Cops look for public input in G20 review—just don’t mention officers, the OPP, the RCMP, personal experiences or operational matters
This morning, the Toronto Police Services Board will begin taking public input on the scope of the city’s inquiry into policing during the G20 summit. This is the first baby step toward one of the many investigations that have been promised since the summit: Ontario’s ombudsman, Andre Marin, is investigating the province’s “five-metre rule” that didn’t exist, and Ottawa might get involved if the Tories ever let a committee get started. The TPSB will be looking to frame the inquiry today, and name a head of the inquiry sometime in August. This all sounds good, except that the cops have indicated that they’d prefer not to investigate individual officers, the OPP, the RCMP, personal experiences or operational matters.
CBC News has the bad news:
[The inquiry] won’t investigate other police forces working in the city that weekend, like the RCMP or the Ontario Provincial Police.
The board won’t be hearing complaints about personal experiences with police officers during the G20 summit—that’s the job of the provincial police watchdog, the Ontario Independent Review Director.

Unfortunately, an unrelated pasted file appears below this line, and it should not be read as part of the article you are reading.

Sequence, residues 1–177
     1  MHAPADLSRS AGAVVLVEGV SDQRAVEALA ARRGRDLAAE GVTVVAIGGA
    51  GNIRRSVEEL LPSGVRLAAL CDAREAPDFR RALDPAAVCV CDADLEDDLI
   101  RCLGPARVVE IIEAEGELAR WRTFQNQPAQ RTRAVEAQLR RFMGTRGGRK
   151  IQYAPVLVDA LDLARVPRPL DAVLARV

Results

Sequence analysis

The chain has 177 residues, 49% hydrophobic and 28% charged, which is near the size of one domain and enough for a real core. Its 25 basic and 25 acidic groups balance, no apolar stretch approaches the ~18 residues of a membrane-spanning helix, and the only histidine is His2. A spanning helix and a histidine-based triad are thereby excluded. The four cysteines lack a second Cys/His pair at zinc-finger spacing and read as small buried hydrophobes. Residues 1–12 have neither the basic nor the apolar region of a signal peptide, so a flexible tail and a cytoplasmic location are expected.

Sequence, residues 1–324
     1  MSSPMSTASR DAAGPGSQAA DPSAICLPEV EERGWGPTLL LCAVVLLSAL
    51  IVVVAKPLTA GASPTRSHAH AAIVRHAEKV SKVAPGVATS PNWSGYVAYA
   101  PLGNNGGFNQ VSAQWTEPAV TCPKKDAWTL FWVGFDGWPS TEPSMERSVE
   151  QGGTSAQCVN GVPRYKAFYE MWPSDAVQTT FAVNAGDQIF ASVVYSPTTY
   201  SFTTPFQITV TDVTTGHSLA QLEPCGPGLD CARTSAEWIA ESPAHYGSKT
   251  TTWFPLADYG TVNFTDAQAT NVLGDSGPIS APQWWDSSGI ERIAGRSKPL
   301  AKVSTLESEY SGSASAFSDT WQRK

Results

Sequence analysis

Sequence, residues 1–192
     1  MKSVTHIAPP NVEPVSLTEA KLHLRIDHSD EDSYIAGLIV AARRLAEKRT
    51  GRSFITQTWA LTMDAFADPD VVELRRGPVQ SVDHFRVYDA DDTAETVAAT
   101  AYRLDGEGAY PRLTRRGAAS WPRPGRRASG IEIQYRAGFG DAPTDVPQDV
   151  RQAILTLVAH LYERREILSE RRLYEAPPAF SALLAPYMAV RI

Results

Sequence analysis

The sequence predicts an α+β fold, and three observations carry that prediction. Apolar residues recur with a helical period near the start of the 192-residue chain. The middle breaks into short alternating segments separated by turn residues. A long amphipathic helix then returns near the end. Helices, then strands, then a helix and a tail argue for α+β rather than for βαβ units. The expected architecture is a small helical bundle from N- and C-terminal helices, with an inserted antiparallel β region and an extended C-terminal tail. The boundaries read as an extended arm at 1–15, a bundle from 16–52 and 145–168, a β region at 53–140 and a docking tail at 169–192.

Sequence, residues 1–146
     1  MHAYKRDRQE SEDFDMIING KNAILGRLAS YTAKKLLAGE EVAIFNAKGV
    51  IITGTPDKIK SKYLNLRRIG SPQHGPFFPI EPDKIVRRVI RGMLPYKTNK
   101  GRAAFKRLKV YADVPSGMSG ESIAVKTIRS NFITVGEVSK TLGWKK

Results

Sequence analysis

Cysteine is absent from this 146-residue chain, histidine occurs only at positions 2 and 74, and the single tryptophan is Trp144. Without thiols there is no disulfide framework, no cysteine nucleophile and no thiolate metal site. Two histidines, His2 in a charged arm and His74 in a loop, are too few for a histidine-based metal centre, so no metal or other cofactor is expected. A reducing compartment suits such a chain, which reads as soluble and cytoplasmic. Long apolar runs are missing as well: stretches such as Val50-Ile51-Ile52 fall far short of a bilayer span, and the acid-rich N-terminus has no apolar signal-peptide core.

The review is also not a full public inquiry, which has been demanded by many critics of police actions during the G20. The review is not legally binding, although Toronto police chief Bill Blair will have to answer to the board.
So the review will only be looking at one third of the Integrated Security Unit that was deployed during the G20. And it won’t hear complaints about “personal experiences,” like, presumably, being threatened for blowing bubbles or having a leg torn off. The board will focus on “policy, oversight and governance,” but it seems specific cases of alleged abuse won’t be touched. The Star reports that the inquiry will look at who was in control when the nastiness went down on Yonge Street, but that’s as specific as it gets. The review won’t dwell on “operational details,” meaning that there’s faint hope of figuring out why, exactly, hundreds of people were held out in the rain that Sunday night.
So the first independent investigation of police conduct during the G20 will be thorough, except for all the exceptions.